In today’s post I want to talk about something very close to my heart. My flugelhorn.
No, it’s not a dirty word, or a euphemism. If you don’t know what one is, look it up. I’ll try describe it. It’s a brass instrument, slightly larger than a trumpet but sounds more mellow due to the conical shape of its piping (‘bore’). And it’s by far one of the favourite things I own.
So let me tell you why I love it, and what this has to do with Science.
Finishing my PhD toward the end of last year gave me a new lease of life. Truly I did not realise how sad it was making me until I stopped doing it… but that’s for another time. So, I jumped headfirst into all the things I had been wanting to do but had no time or energy for previously.
I’d wanted to play the trumpet for a long time, but had never got round to doing anything about it. I’d mentioned it in passing to a few people but that was it. And then on Christmas Day, a friend’s dad handed me a large briefcase-like box, and said “this is for you”. It was a flugelhorn, which he wanted to lend me (and has subsequently given to me, lovely man).
Now a flugelhorn is not a trumpet. However, it’s in the same key as most trumpets (B♭) and the notes are played in the same way. So after Christmas I merrily took my flugelhorn back to London and pondered over how I would go about learning it. I should get lessons probably, right? Having never picked up a brass instrument before I hadn’t the faintest idea of how to make any non-terrible-sounding noise from it.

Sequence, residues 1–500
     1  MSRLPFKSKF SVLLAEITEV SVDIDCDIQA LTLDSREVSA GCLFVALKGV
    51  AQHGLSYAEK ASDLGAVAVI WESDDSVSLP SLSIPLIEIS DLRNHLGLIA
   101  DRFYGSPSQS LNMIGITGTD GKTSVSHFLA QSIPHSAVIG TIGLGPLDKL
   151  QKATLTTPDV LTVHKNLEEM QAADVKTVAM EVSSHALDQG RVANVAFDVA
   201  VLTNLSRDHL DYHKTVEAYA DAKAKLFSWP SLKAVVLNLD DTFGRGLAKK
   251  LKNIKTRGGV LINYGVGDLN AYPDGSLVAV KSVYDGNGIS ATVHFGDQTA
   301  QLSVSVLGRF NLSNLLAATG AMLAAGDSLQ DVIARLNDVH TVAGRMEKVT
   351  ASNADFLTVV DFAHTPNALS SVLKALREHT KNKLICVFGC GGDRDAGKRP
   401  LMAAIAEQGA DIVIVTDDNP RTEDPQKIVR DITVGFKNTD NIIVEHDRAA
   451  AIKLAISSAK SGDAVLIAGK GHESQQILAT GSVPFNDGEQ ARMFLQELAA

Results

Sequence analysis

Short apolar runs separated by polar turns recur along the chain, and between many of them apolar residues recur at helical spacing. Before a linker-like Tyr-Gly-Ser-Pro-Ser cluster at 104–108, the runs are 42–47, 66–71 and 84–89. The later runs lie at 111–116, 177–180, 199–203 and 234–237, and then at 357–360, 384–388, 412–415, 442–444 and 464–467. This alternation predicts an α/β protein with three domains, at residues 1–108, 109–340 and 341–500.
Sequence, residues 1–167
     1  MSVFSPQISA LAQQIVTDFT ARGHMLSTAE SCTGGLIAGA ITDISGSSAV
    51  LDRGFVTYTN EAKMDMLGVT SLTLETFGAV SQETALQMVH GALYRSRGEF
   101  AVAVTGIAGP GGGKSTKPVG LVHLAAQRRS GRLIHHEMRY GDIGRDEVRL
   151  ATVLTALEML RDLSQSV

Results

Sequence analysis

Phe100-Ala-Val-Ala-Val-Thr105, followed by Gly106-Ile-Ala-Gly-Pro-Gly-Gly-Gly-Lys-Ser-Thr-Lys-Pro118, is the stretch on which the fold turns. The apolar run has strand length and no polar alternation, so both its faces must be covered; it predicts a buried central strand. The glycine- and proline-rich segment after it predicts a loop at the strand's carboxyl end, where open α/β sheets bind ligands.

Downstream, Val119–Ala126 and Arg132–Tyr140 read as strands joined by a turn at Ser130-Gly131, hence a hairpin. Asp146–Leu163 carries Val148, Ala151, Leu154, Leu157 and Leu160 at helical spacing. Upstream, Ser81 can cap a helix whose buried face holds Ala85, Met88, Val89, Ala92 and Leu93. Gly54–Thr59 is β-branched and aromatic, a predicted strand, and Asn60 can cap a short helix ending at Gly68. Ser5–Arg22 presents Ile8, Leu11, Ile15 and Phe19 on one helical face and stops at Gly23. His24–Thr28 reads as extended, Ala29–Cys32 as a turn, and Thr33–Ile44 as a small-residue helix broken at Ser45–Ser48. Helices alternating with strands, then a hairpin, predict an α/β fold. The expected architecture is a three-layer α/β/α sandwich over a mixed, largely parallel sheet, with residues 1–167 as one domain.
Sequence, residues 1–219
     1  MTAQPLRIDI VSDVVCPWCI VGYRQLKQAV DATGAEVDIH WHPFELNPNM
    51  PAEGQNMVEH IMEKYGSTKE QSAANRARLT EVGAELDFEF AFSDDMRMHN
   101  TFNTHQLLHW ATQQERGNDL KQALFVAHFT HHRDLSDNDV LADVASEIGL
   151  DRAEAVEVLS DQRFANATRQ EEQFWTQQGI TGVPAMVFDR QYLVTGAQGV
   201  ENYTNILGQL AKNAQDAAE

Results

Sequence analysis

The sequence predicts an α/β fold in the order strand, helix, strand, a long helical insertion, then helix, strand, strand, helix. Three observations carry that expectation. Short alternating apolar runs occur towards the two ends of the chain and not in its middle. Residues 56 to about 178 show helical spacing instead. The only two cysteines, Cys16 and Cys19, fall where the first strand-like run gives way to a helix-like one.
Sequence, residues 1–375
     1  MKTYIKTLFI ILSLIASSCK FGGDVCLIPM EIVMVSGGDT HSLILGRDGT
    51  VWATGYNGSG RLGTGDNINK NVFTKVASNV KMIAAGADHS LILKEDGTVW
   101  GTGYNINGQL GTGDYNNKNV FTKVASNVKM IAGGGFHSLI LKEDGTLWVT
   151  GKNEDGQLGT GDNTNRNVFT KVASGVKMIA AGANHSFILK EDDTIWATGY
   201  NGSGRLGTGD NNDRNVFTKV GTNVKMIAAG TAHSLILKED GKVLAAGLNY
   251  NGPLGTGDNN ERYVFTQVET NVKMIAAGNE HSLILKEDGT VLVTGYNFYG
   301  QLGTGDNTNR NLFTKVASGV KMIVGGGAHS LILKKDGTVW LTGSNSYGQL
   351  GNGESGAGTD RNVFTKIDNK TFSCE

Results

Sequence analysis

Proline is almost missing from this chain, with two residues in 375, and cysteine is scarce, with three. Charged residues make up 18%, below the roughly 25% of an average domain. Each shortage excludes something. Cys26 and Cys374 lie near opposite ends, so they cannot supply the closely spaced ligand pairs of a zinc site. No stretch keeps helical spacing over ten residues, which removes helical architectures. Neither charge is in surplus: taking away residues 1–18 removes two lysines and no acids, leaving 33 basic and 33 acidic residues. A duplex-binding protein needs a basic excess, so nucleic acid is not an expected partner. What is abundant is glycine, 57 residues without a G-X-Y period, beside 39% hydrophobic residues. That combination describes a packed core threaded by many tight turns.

Something that I’d been quite worried about when starting this venture was reading music. I used to play guitar and keyboard when I was in school, and despite gaining a GCSE in Music, I found reading music a real struggle. I’d get into such a panic when handed a sheet of music and be expected to read it without scribbling notes all over it. But this time round, it wasn’t too bad. I joined a local beginners brass band, and within a couple of months I could confidently sight-read a new piece of music, albeit slowly. And I have a theory for why that is. I think it might be to do with learning to code during my PhD.
I always think that coding is essentially like learning to read and write another language – learning what the words and letters mean, how to format and place them in order to make the computer produce the thing you want. And actually, reading music is a bit like that too – learning what the shapes and placement mean, and matching that up in your brain with the action needed to make the instrument produce the sound you want. I’m sure that had it been the other way around, learning to read music would have helped me learn to code.
It turns out there are actually several similarities between playing flugelhorn and programming:
- You can spend hours on it instead of doing any actual work.
- It teaches you the value of patience.
- When it goes wrong you make terrible noises that nobody wants to hear…
- When it (finally) works, it is incredibly satisfying!
So I think I have my PhD to thank for some of the joy I get out of tooting my flugelhorn every week. I do wish, though, that I’d started doing this whilst still working on my thesis. Playing an instrument is a great way of switching off from science work – it’s one of those hobbies that exercises a different part of your brain to the sciencey part (at least, that’s what it feels like to me), giving that part a chance to rest and recharge. And you can do it relatively guilt-free, as you’re still learning something new and becoming a more enriched human being.
Learning an instrument has been a really rewarding experience. If it’s something you’re thinking of doing, but you think you don’t have time because you’re too busy sciencing, make time. It’ll be worth it – you’ll meet some ace people, and you might even pick up a thing or two to make doing your science easier.